Hey Bill, *What* Is It?

There are those people who will remain convinced forever forward that the Federal Reserve is run by capable technocrats absolutely skilled at maintaining for the free peoples of the United States their financial freedom. At a general level, they are thought to do so by signaling to market and economic participants just how these should respond to monetary policy inputs. To create and sustain these signals, these central bankers are said to exhibit a high level of on-the-ground proficiency by being forceful participants in money markets.

This policy intervention revolves around Open Market Operations (OMO) whose ultimate end (not aim) is its own balance sheet remainder: bank reserves. We are all taught that it is the OMO which determines money market rates, all because of that whole printing press thing we are further taught to presume spits out digital bank reserves.

Given this, it was a huge problem for Ben Bernanke’s group of officials twelve and thirteen years ago when money market rates were quite clearly being determined by anything else besides the Federal Reserve’s OMOs. You can read more about it here – and I urge you to do so in order to understand why the policy response had been so fatally flawed so as to more clearly appreciate what really must have happened; suffice to summarize, Bernanke’s crew believed they had created a situation where, during the worst global monetary panic since the Great Depression, there were “abundant reserves.”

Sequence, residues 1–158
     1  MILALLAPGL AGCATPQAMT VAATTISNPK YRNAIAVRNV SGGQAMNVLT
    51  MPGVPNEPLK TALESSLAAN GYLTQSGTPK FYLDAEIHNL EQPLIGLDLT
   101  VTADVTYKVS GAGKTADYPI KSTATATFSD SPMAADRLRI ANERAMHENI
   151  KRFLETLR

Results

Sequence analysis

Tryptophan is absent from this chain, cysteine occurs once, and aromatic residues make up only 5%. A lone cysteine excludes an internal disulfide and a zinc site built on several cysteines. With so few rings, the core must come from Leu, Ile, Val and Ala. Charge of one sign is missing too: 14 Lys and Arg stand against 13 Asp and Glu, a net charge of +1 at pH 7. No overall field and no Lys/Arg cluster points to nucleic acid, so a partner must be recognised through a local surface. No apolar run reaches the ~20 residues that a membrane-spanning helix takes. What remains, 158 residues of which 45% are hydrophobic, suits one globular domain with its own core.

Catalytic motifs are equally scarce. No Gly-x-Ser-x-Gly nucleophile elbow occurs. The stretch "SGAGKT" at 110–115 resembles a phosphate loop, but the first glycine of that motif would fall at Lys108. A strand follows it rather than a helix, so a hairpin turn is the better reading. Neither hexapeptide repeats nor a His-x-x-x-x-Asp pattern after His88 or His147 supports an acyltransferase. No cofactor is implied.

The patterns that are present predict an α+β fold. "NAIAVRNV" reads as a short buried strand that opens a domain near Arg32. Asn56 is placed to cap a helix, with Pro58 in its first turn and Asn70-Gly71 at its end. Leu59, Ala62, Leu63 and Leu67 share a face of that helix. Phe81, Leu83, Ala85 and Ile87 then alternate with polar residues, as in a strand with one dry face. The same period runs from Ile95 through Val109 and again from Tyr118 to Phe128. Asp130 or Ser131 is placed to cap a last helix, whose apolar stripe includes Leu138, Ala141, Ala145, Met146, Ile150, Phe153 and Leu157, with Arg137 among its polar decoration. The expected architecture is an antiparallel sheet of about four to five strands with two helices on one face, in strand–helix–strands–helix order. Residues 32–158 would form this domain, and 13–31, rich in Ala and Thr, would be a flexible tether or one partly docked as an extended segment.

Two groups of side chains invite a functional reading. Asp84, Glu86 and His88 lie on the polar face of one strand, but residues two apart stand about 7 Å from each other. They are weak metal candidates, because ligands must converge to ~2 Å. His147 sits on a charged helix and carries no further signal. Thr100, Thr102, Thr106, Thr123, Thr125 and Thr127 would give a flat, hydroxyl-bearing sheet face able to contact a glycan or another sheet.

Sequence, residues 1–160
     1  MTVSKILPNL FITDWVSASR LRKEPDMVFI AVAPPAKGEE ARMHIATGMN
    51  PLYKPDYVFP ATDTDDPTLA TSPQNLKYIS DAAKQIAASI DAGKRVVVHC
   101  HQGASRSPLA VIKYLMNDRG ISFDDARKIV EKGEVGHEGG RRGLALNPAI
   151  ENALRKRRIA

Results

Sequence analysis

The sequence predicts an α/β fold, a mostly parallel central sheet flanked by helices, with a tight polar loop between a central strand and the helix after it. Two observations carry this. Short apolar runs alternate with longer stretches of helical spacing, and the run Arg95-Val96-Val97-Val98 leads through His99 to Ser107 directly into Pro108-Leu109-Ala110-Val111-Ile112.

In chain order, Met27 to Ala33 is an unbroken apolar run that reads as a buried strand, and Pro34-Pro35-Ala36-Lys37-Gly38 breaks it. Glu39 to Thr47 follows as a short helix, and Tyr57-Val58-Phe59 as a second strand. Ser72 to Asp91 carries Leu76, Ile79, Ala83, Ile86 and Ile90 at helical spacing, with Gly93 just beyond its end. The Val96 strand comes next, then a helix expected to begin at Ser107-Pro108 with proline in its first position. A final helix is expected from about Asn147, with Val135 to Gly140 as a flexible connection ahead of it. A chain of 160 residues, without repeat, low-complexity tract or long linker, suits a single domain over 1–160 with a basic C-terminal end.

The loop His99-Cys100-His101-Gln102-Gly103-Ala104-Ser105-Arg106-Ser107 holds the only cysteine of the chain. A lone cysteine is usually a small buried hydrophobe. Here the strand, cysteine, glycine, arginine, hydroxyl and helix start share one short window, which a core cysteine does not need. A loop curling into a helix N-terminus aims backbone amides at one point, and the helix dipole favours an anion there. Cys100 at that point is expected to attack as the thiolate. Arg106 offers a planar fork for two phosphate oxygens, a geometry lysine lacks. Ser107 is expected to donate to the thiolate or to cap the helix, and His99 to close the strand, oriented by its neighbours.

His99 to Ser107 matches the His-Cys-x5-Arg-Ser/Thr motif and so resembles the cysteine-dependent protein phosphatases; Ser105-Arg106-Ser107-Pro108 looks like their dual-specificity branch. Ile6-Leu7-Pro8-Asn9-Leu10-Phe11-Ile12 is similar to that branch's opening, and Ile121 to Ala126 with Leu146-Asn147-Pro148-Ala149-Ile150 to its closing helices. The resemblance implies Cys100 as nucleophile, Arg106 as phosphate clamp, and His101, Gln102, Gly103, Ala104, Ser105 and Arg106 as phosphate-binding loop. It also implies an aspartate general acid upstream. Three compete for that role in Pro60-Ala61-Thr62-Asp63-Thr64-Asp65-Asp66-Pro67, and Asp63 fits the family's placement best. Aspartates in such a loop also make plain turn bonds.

Straight away you have to ask, what good are reserves if they are abundant and the whole world melts down anyway? According to the doctrine, you aren’t supposed to ask that question.

Therefore, the episode teaches us two very important lessons. First, there’s obviously much more to the financial picture than bank reserves. The Fed talks about liquidity in regard to them, but they must be small issue to the wider world otherwise 2008 wouldn’t have happened at least beyond October.

There’s simply no way to reconcile a monetary panic with this absurd idea of too much money or liquidity. The level of bank reserves just doesn’t correlate to anything outside the immediate arena of bank reserves.

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Disclosure: This material has been distributed for informational purposes only. It is the opinion of the author and should not be considered as investment advice or a recommendation of any ...

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